Strangers’ generosity grants ailing Waterville girl’s wish

Cancer survivor, 13, at home in redecorated bedroom

9/9/2012
BY GABRIELLE RUSSON
BLADE STAFF WRITER
Brittany Kookoothe, 13, and her mom, Marlene Neyhart, pause to enjoy Brittany's remodeled bedroom. Brittany, who was born with Down syndrome, learned when she was 10 that she had leukemia. Medical bills made the expense of redoing her room impossible.
Brittany Kookoothe, 13, and her mom, Marlene Neyhart, pause to enjoy Brittany's remodeled bedroom. Brittany, who was born with Down syndrome, learned when she was 10 that she had leukemia. Medical bills made the expense of redoing her room impossible.

Brit­t­any Kookoo­the is a reg­u­lar teen­age girl in that she loves Justin Bieber.

But she hates shop­ping at the mall.

So it was on­line — and with the fi­nan­cial help of strang­ers — that she picked out the white bed­room set and the cheery lime green and tur­quoise paint for her bed­room walls. She chose a wooden floor style she liked and a lava lamp and, of course, she wanted her teen­age heart­throb Justin im­mor­tal­ized on a poster.

Her new bed­room, a $2,500 make­over wor­thy of any tele­vi­sion re­al­ity show, was com­ing to­gether in Wa­ter­ville.

It will be a place where Brit­t­any can take a deep breath, "a soft place to fall," af­ter a life­time of med­i­cal prob­lems, said her mother, Mar­lene Ney­hart.

Brit­t­any, 13, who has Down syn­drome, was given a leu­ke­mia di­ag­no­sis a day be­fore her 10th birth­day.

Che­mo­ther­apy treat­ments that lasted nearly three years made Brit­t­any feel tired and worn-out. She missed an en­tire year of school and at times she was in the hos­pi­tal, hooked up to a ven­ti­la­tor.

Those years were hard on Mrs. Ney­hart, a nurse who worked the night shift and was a sin­gle mother of four un­til she re­mar­ried.

Brit­t­any's leu­ke­mia is in re­mis­sion, and she is now a sev­enth-grader at An­thony Wayne Junior High. 

But there were still re­mind­ers of the leu­ke­mia in the form of med­i­cal bills tow­er­ing at more than $50,000.

The bills made it im­pos­sible for the fam­ily to redo Brit­t­any's bed­room, dec­o­rated in an un­ques­tion­ably un­hip golf wall­pa­per.

It seemed un­likely the fam­ily would get any out­side help. Brit­t­any's name was stuck on a wait­inglist for years at Make-A-Wish be­cause her bi­o­log­i­cal father would not con­sent for the bed­room make­over, Mrs. Ney­hart said.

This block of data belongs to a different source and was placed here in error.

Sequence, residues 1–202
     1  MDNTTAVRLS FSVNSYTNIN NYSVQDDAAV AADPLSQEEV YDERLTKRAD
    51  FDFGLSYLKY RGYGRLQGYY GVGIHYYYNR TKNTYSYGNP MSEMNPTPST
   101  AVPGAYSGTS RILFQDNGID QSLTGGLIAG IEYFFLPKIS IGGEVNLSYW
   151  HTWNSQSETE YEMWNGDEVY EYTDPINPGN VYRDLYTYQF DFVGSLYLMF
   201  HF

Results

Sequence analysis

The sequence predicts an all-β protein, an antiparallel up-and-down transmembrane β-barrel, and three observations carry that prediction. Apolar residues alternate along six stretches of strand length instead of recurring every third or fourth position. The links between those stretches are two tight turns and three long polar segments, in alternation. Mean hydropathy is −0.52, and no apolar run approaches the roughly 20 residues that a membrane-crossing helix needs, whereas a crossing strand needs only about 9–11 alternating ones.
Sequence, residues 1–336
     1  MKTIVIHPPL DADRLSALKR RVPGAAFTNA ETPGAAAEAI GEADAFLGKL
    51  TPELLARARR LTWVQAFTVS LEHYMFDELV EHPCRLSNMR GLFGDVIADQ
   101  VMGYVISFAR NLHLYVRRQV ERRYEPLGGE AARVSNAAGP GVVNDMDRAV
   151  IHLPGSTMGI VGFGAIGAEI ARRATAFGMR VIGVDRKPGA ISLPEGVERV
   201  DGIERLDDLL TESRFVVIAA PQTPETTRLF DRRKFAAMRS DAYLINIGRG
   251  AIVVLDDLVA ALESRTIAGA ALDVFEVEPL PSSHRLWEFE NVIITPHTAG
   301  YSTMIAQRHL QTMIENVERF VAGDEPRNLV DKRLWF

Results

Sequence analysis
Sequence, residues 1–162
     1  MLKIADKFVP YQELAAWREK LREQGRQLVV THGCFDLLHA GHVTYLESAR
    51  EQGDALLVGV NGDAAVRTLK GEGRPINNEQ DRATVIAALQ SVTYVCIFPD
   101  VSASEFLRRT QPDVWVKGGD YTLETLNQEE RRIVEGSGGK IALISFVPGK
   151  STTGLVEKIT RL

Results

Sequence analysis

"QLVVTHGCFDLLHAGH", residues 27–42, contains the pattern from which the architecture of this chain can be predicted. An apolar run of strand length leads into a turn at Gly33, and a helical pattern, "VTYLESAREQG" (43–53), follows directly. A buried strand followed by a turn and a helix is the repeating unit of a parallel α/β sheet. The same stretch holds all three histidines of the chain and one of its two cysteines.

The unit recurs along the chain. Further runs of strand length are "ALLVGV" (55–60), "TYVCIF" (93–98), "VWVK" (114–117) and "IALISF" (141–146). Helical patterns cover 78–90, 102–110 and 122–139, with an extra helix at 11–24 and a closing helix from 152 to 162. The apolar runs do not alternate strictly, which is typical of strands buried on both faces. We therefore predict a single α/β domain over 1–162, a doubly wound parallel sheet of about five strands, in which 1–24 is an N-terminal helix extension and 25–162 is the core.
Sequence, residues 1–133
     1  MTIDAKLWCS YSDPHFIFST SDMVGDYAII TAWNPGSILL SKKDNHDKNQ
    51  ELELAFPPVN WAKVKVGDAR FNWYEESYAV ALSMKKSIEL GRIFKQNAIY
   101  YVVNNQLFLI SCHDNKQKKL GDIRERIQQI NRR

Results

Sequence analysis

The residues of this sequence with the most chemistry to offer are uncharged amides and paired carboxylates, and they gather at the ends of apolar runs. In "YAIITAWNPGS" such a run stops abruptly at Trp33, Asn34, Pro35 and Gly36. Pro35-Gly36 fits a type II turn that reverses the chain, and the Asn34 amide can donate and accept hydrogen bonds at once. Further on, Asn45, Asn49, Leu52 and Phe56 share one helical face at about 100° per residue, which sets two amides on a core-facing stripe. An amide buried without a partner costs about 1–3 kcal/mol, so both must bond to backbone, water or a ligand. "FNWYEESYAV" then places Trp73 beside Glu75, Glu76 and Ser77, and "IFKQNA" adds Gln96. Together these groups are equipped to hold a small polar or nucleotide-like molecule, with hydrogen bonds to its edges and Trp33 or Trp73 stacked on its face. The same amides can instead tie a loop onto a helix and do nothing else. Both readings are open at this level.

That's when strang­ers, all too fa­mil­iar with hos­pi­tal rooms, of­fered to foot the bill for Brit­t­any's new bed­room.

Jamie's Dream Team, an or­ga­ni­za­tion sim­i­lar to Make-A-Wish, paid for the proj­ect with do­na­tions. Jamie Hol­mes, 25, started the White Oak, Penn., agency af­ter her own health strug­gles.

Most of the do­na­tions came from the fam­ily of McKenna May, a 4-year-old can­cer sur­vi­vor from Haskins whose par­ents' dis­pute caught na­tional me­dia at­ten­tion.

McKenna's father re­fused to sign the nec­es­sary pa­per­work for her to go on a Make-A-Wish Walt Dis­ney World trip.

But the trip fi­nally be­came a re­al­ity last month.

People across the coun­try sent the fam­ily about $23,000 and Jamie's Dream Team planned the trip lo­gis­tics, said McKenna's grand­mother Lori Help­pie.

"We are help­ing each other be­cause we know the sac­ri­fices we've made. We've known the fi­nan­cial stress. We know the worry," said Mrs. Help­pie. Her fam­ily do­nated $2,000 for Brit­t­any's room.

The kind­ness wasn't lost on Mrs. Ney­hart as she watched while the last-minute de­tails were fin­ished in the up­stairs bed­room.

"We're just so ap­pre­cia­tive," Mrs. Ney­hart said Satur­day. "We can't even say enough thanks yous."

Brit­t­any, a soft-spo­ken teen­ager with a play­ful bobbed hair­cut, sat on her new bed as work­ers in­stalled the chan­de­lier.

She had her par­a­dise where she could con­trol the re­mote con­trol.

"Now, we have a whole new prob­lem," her step­father Larry Ney­hart said teas­ingly. "She'll never come out of her room."

Just then a gust of wind blew in the open win­dow, send­ing the cur­tains flut­ter­ing in the air. Justin Bieber fell sharply to the ground.

"Whoah!" Brit­t­any said, con­cerned. "Oh no!"

"Don't worry," her mother re­as­sured her. "We'll put Justin back up."

Con­tact Ga­bri­elle Rus­son at: grus­son@the­blade.com or 419-351-0361 or on Twit­ter @Ga­bri­elleRus­son.